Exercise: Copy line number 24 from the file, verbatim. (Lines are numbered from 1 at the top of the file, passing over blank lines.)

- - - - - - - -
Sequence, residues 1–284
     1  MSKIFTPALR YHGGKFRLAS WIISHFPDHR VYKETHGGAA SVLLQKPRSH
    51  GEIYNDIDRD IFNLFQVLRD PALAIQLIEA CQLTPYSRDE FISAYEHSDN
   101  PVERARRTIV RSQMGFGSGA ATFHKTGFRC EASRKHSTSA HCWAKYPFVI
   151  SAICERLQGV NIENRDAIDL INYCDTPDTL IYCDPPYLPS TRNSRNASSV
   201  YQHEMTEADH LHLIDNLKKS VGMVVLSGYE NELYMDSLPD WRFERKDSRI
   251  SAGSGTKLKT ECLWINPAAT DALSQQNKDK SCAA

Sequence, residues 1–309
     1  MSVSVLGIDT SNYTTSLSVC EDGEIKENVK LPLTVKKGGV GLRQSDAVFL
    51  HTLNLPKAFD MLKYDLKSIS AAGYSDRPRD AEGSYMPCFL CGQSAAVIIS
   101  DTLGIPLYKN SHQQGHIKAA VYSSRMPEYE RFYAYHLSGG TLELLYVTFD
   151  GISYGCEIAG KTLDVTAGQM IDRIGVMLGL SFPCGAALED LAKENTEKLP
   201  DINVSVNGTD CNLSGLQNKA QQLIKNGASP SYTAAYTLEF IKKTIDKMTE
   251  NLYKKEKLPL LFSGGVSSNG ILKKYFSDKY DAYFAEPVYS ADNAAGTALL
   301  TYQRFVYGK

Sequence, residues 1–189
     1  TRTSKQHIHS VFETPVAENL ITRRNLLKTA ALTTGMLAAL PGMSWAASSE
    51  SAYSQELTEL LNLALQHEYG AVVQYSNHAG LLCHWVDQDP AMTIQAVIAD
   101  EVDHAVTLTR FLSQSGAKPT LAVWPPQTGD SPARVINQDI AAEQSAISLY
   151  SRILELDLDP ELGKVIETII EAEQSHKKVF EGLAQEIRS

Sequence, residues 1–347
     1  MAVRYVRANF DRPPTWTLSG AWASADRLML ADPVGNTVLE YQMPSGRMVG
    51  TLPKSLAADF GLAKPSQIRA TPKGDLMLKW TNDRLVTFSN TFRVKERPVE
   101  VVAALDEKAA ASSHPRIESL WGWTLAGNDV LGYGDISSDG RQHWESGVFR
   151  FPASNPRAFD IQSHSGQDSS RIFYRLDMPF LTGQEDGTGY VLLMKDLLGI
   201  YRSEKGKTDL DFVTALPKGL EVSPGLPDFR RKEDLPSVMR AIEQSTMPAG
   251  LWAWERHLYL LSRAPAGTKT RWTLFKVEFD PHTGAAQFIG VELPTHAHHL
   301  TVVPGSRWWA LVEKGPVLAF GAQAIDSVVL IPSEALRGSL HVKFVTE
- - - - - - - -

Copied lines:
   101  VVAALDEKAA ASSHPRIESL WGWTLAGNDV LGYGDISSDG RQHWESGVFR